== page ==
Homeowners who bought utilizing a 95% mortgage could save hundreds of pounds a month using the equity in their properties to remortgage to a cheaper rate.
The gap on price between your cheapest two-year fixed-rate deals at 70% and 85% loan-to-value (LTV) has narrowed to just 0.2% this month, down from 0.35% last year.
This means low-deposit buyers can make the most of the equity they’ve gained within their homes through mortgage payments and house price increases to switch to some lower LTV at the end of their fixed terms.
Here, we explain how to sort out how much of your mortgage you’ve paid off, and provide suggestions about while using worth of your house to switch to a better deal.
Fixed-rate mortgages: how much have I paid off?
If you got a 95% mortgage when buying your property, you might be wondering just how much equity you’ve developed in your property on your fixed-term.
In the initial few many years of paying down a home loan, the majority of your mortgage payments are accustomed to pay the interest in your loan, meaning the quantity of capital you pay off will be relatively low.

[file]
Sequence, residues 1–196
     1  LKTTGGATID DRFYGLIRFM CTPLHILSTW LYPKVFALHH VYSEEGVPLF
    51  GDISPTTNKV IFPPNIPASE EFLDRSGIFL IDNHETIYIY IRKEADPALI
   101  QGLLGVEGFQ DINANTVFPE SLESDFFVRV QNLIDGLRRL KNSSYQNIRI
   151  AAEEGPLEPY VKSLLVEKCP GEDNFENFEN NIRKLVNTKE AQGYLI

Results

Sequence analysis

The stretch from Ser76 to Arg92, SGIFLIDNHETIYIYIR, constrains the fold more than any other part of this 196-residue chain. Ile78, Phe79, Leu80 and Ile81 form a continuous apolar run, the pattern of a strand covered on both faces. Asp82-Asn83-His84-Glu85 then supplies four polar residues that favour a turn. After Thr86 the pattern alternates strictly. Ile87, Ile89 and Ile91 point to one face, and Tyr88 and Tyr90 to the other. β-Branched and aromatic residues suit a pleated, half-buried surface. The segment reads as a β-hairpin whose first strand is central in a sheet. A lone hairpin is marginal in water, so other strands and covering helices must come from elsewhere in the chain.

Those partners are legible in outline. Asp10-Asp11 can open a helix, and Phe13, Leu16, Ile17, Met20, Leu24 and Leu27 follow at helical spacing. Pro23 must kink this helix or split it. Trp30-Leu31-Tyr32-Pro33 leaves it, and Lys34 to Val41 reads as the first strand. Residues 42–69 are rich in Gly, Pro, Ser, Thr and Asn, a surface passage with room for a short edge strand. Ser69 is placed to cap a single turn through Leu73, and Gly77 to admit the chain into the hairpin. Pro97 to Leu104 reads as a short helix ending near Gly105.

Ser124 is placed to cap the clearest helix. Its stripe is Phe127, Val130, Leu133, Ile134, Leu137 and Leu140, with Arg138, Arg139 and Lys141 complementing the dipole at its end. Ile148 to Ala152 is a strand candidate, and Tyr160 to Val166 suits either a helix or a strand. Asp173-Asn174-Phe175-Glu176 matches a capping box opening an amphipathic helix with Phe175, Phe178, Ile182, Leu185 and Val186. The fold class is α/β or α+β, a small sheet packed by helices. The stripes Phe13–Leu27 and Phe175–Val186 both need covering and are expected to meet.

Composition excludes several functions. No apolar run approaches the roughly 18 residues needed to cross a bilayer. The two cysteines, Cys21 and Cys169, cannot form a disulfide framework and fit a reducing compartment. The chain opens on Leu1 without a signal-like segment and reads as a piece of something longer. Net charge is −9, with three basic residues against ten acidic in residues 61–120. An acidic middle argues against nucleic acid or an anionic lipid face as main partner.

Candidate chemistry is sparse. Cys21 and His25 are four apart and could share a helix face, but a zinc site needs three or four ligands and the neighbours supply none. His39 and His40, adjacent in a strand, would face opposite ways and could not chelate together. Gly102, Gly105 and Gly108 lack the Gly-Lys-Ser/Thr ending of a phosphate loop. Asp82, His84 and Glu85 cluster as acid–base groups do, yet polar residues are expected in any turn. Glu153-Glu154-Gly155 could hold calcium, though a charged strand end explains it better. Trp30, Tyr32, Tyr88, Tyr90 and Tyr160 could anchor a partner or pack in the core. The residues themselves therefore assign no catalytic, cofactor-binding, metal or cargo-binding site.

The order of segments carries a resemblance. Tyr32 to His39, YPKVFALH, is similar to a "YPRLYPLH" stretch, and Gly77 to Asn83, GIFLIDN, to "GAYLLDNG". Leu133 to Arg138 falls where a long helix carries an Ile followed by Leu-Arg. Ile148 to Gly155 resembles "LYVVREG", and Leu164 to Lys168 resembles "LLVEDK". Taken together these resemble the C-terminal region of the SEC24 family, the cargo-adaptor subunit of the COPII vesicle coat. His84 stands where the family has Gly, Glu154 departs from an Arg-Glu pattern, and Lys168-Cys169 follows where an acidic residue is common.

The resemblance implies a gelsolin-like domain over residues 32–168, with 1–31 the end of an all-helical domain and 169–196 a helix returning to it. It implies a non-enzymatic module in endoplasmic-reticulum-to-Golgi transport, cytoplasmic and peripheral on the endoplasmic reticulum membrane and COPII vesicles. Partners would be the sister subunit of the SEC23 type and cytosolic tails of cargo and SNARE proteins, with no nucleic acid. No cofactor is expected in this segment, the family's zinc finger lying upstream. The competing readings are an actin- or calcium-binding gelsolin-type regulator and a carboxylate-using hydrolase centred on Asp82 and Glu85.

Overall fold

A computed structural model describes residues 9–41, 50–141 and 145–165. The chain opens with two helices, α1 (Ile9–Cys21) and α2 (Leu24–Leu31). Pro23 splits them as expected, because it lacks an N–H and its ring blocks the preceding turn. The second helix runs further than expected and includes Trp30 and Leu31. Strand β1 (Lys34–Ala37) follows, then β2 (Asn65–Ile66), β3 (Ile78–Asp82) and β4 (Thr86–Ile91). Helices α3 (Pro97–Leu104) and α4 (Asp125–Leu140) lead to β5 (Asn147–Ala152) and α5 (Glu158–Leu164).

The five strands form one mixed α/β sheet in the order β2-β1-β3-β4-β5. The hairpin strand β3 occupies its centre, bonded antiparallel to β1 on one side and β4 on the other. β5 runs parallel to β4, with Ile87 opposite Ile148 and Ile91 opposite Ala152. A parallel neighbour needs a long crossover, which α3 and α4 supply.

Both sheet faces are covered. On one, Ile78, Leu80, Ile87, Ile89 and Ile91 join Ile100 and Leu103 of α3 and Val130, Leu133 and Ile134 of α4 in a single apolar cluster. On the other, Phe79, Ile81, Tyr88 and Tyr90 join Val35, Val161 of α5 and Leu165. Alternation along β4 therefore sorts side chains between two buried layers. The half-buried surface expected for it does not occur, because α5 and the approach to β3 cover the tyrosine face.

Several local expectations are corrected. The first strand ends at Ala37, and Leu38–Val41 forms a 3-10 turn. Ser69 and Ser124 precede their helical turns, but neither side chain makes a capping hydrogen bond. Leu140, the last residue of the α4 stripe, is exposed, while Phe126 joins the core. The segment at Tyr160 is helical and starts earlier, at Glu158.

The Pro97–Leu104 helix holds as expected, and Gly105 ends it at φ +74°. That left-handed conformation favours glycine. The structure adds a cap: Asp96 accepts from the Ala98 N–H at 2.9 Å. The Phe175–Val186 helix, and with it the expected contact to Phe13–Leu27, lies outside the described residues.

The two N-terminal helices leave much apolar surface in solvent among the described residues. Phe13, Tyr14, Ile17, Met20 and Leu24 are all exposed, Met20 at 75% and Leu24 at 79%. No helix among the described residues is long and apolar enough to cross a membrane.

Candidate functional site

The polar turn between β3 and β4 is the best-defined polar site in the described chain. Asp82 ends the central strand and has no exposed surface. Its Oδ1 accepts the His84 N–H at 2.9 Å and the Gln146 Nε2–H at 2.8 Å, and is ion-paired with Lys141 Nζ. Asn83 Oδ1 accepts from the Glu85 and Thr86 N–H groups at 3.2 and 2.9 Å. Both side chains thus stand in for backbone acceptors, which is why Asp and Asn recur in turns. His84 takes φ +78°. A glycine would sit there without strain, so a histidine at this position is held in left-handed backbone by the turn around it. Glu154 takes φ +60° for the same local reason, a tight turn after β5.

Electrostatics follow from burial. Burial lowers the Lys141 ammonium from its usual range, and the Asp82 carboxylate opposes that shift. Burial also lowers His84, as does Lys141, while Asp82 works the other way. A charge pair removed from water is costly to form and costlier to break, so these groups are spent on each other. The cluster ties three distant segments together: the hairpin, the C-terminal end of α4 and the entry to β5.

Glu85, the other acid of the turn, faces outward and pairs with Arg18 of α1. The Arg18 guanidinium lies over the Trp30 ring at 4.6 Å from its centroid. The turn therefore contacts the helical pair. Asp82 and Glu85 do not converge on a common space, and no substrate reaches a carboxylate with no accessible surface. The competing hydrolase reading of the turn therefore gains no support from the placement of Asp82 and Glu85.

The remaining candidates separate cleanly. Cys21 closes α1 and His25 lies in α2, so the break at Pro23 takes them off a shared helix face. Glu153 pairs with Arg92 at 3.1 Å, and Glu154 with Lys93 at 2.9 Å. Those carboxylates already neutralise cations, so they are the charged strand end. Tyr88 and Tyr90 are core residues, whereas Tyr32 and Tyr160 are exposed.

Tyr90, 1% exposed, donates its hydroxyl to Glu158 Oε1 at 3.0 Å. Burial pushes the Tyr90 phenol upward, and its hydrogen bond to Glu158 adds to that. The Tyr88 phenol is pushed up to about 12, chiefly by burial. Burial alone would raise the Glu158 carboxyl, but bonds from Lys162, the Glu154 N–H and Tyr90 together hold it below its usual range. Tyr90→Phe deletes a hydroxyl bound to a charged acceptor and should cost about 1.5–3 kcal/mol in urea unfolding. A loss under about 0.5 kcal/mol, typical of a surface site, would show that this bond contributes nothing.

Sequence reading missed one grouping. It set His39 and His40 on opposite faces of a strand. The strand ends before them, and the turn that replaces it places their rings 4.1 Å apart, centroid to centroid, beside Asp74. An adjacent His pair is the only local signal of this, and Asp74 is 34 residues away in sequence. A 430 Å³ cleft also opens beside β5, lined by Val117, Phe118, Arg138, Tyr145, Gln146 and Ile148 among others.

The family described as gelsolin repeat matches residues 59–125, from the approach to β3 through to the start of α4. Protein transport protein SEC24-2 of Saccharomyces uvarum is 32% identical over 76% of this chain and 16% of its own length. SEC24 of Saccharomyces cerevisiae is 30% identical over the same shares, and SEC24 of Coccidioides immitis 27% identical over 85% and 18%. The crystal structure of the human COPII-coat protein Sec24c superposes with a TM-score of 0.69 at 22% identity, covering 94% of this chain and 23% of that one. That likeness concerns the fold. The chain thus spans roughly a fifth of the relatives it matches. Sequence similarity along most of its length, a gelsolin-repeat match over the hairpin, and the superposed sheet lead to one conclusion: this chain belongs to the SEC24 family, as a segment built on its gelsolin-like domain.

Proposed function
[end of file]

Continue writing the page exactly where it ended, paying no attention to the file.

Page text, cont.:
Let’s say you purchased your first home for lb200,000 with a 5% deposit (lb10,000) and took out a 30-year mortgage term, as is now common for first-time buyers.
In the tables below, we’ve based our calculations on a type of loan of 3.2%, the present average rate for any two-year fixed-rate 95% mortgage (according to data from Moneyfacts).
|Year||Opening balance||Annual interest||Capital repayment|
At the end of your two-year fixed-rate period, you’ll have paid off lb7,797 of the lb190,000 mortgage.
That means you’ll have developed an additional 4.1% equity in your property, taking your overall equity to 9.1% (as well as your 5% deposit).
While this means you own more of your property, you won’t have paid off enough to move to a lower 90% loan-to-value deal when you remortgage, where home loan rates are lower.
This is where growth in your property’s value might help.
How house prices affect your equity
One of the biggest benefits of remortgaging is to take advantage of a rise in the value of your house to obtain a rate plan. Your ability to do this, of course, depends upon house prices going up.
Over yesteryear decade, homeowners have generally taken advantage of high ‘capital growth’ – the increase in capital worth of property – although the market has begun to cool over the last 12 months. What can happen to values over the years to come is in the air.